On the facts of this case, the Court of Appeal found there was nothing inconsistent in incorporating a termination provision from a framework agreement into a subsequent agreement, which meant that BAE had been entitled to terminate early for convenience. The decision provides useful comments on the incorporation of terms from framework agreements, and highlights the need for care when incorporating terms from one document into another.

Tim Parkes and Meriel Buxton, a partner and senior associate in our dispute resolution team who acted in the case for BAE Systems, consider the decision further below. Continue reading

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Privy Council confirms availability of backward tracing

“Happy is he who can trace effects to their causes”, Virgil observed. Well, victims of fraud will certainly be happy with the Privy Council’s decision in The Federal Republic of Brazil v Durant International Corporation (Jersey) [2015] UKPC 35. In an appeal from the Court of Appeal of Jersey, the Board confirmed the availability of “backward tracing”. This enables claimant beneficiaries under a trust (including victims of a fraud relying on a constructive trust) to avoid the strict rules of equitable tracing by pointing to the substance of the overall transaction rather than its form.

While the Privy Council’s decision is not binding as a matter of English law, it is persuasive and provides an indication of how the Supreme Court may decide the issue in the future.  

Tom Wood, an associate in our corporate fraud and asset recovery team, considers the decision further below. Continue reading

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High Court provides guidance on “serious harm” requirement under Defamation Act 2013 and on procedural management of defamation claims

The Defamation Act 2013 introduced a statutory seriousness threshold that must be crossed before a statement can give rise to a claim: “[a] statement is not defamatory unless its publication has caused or is likely to cause serious harm to the reputation of the claimant” (section 1(1)). There has been uncertainty as to the proper construction and effect of the “serious harm” requirement since it came into force at the beginning of 2014. The High Court has recently clarified the position, in a judgment handed down on 30 July 2015: Lachaux v Independent Print Limited & Ors [2015] EWHC 2242 (QB).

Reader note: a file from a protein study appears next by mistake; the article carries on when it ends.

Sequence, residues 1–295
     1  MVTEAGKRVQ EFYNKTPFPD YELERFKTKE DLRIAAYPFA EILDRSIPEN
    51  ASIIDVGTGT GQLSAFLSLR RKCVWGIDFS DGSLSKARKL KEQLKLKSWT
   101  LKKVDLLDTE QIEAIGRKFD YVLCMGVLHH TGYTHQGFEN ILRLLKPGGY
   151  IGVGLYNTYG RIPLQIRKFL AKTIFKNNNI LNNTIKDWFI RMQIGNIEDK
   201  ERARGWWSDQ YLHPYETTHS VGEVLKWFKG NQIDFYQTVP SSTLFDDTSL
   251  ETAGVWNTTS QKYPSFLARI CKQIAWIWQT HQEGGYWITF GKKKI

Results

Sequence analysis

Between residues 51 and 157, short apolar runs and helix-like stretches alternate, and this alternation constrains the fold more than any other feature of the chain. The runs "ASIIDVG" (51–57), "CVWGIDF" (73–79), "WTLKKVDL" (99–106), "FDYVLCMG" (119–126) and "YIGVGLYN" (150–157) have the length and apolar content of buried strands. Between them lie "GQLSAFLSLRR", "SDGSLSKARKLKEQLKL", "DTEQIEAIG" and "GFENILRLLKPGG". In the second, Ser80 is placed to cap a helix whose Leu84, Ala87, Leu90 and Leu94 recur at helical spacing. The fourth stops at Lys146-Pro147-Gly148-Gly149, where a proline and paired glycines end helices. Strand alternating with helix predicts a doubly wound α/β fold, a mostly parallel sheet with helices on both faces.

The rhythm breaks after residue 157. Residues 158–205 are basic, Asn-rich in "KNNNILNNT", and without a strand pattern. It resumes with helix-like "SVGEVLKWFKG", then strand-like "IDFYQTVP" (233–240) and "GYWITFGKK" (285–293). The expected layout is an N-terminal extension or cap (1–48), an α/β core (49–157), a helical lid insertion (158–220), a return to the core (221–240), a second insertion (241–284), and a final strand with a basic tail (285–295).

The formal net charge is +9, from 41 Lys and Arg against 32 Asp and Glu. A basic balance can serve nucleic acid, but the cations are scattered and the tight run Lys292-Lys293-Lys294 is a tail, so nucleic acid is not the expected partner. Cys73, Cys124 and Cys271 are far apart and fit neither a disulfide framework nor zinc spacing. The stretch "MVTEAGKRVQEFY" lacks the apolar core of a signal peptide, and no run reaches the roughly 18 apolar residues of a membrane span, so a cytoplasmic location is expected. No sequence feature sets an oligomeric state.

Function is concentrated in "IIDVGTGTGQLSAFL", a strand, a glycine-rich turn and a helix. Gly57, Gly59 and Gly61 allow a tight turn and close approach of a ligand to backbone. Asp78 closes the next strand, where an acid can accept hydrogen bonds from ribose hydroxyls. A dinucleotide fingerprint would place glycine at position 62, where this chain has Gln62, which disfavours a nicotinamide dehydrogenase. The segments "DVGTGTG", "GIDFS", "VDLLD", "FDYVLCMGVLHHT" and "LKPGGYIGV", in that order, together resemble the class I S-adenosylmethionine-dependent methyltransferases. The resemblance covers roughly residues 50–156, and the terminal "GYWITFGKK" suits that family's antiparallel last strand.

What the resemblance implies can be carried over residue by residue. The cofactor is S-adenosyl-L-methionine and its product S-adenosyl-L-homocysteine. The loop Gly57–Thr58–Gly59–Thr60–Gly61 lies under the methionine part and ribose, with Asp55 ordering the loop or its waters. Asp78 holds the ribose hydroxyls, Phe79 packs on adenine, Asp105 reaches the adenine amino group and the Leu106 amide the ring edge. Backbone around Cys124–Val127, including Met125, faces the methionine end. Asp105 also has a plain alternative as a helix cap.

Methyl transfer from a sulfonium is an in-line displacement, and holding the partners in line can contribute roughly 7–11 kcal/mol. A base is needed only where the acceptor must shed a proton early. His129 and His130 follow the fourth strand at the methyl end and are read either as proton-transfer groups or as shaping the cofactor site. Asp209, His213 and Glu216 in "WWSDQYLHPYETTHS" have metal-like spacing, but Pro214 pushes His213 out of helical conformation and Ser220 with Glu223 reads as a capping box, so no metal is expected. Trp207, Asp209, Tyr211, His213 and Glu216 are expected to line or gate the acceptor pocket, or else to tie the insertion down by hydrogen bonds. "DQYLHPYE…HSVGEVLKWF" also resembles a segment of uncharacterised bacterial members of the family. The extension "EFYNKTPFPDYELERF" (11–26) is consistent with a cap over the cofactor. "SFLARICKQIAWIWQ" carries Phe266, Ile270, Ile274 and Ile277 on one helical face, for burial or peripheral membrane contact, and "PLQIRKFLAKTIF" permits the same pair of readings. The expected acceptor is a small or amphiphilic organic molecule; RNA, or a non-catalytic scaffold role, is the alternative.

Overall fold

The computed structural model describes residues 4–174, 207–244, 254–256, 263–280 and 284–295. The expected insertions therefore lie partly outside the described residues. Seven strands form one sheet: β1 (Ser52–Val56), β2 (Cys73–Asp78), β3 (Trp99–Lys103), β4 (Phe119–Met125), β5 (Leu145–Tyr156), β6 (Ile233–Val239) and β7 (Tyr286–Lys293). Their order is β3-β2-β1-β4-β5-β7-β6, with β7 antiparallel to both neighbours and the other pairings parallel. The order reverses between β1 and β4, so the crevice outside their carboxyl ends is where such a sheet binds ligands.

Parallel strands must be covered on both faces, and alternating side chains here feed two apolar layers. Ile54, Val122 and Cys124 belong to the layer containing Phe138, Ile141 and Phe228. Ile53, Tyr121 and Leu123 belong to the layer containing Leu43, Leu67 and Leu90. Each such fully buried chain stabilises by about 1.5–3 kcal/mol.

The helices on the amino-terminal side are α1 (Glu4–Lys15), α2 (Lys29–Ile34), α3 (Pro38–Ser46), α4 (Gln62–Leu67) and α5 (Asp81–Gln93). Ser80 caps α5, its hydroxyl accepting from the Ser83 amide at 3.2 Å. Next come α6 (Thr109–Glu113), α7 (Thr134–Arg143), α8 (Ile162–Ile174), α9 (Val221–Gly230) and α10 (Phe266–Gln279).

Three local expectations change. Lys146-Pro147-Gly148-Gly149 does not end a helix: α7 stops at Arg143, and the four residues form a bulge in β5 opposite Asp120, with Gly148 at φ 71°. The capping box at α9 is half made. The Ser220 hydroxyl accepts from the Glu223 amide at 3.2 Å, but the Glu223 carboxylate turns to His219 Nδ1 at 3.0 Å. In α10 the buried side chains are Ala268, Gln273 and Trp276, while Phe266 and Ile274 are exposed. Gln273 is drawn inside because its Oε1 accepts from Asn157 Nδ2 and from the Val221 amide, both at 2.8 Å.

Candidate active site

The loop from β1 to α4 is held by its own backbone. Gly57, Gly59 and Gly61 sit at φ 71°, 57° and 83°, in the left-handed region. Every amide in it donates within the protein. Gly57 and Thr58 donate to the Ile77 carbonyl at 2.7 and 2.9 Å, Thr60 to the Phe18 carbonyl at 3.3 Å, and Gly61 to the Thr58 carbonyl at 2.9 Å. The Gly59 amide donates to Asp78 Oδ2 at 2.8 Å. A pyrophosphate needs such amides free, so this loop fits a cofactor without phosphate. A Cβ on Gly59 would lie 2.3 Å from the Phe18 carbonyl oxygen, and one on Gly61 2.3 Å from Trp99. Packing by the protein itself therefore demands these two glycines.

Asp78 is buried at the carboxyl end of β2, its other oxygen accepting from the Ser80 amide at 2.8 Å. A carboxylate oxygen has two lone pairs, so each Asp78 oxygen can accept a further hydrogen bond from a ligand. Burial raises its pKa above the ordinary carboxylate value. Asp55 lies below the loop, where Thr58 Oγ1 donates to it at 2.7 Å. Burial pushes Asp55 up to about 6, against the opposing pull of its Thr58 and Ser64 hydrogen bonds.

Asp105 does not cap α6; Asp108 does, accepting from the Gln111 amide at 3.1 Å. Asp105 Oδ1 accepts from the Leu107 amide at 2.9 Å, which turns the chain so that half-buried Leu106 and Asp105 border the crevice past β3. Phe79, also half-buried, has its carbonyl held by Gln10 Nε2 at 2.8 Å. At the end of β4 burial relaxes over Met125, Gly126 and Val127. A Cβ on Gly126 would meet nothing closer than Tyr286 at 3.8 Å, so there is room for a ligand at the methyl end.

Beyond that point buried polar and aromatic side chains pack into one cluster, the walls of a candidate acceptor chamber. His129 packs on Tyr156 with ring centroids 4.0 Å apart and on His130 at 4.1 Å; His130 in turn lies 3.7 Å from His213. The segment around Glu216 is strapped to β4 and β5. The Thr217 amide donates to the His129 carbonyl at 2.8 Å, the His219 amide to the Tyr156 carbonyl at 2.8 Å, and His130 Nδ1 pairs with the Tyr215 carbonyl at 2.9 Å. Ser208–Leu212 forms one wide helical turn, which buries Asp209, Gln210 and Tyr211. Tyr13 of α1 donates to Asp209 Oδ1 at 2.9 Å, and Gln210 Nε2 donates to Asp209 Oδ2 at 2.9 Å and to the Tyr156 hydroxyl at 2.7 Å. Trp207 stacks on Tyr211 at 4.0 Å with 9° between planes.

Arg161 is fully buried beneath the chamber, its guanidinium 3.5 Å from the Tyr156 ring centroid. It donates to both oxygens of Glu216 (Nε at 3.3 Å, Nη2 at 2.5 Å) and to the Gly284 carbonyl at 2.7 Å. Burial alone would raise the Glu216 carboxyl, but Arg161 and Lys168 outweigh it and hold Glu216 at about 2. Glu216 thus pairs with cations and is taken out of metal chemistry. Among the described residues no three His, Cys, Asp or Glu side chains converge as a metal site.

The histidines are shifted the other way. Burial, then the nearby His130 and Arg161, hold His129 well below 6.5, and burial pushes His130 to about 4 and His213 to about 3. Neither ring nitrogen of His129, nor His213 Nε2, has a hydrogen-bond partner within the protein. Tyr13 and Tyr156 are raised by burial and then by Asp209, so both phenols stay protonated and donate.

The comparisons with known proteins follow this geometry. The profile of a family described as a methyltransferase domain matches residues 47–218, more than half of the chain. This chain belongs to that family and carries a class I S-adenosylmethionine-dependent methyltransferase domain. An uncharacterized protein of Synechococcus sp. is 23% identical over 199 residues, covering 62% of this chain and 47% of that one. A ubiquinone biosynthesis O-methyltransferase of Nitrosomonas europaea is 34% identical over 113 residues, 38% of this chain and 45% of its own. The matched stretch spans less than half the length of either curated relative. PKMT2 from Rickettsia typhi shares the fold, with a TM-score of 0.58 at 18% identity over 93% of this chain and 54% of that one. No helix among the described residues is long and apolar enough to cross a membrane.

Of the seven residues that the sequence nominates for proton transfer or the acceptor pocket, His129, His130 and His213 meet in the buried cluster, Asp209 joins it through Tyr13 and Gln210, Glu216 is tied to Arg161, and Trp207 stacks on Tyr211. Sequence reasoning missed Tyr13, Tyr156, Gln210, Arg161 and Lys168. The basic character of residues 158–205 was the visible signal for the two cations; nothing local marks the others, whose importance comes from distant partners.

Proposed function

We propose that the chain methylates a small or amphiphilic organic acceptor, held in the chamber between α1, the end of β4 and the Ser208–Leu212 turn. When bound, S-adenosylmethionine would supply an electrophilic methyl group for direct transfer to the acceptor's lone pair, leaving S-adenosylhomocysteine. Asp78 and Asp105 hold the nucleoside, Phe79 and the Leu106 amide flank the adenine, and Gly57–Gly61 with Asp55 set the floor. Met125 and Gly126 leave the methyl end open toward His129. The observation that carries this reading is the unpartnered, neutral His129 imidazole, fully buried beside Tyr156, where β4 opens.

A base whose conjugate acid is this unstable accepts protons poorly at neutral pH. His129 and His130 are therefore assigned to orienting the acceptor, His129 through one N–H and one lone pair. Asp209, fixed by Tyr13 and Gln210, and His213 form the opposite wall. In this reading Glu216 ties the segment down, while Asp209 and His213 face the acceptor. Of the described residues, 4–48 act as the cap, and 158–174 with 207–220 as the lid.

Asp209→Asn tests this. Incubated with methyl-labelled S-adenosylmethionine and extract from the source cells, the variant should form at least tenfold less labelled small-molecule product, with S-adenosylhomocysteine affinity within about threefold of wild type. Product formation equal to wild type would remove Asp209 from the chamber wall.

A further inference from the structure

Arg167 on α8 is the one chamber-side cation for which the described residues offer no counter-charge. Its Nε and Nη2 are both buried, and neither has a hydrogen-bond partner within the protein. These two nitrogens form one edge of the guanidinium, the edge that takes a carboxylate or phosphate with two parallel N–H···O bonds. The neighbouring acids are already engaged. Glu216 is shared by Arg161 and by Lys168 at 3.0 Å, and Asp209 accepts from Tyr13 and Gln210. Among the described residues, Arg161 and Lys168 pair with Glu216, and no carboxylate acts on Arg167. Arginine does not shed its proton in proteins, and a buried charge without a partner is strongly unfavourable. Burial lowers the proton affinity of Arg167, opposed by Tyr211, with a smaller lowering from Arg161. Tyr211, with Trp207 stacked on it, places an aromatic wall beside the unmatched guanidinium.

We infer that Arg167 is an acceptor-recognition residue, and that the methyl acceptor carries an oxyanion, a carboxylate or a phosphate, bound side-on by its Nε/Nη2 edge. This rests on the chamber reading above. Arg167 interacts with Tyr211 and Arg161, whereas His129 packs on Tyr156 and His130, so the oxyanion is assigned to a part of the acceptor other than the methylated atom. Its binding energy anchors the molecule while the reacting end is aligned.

The court held that section 1(1) requires a claimant to prove, on the balance of probabilities, that the statement he/she complains of has caused or will probably cause serious harm to his/her reputation. The common law presumption of damage to reputation will therefore no longer play any significant role. Further, if serious harm must be proven, the common law rule that the cause of action for libel and defamation is actionable per se on publication can no longer be regarded as good law. A cause of action may remain incomplete until serious harm is caused or becomes probable.

The court also gave guidance on a number of procedural issues in the management of defamation claims. In particular, where the “serious harm” requirement is contested, it should usually be tried as a preliminary issue alongside any issue as to the meaning of the words complained of. It will generally be unnecessary and undesirable for a defence to be pleaded before those preliminary issues are determined.

Neil Blake and Thomas Turner, a partner and associate in our media disputes team, consider the decision further below. Continue reading

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New “gateways” for serving proceedings on defendants out of the jurisdiction at common law

The circumstances in which English proceedings can be served on non-EU domiciled defendants who have no presence in England and Wales will be expanded significantly from 1 October, with the introduction of new “gateways” for service out of the jurisdiction at common law.

Probably the most important is the new general gateway which will enable claims against a defendant to be tried together in this jurisdiction where they are arise out of the same or closely connected facts, even if the further claim would not by itself fall within any gateway. There is also a new gateway for claims for breach of confidence or misuse of private information, where the relevant acts are committed and/or detriment is suffered within the jurisdiction. Various other gateways are expanded.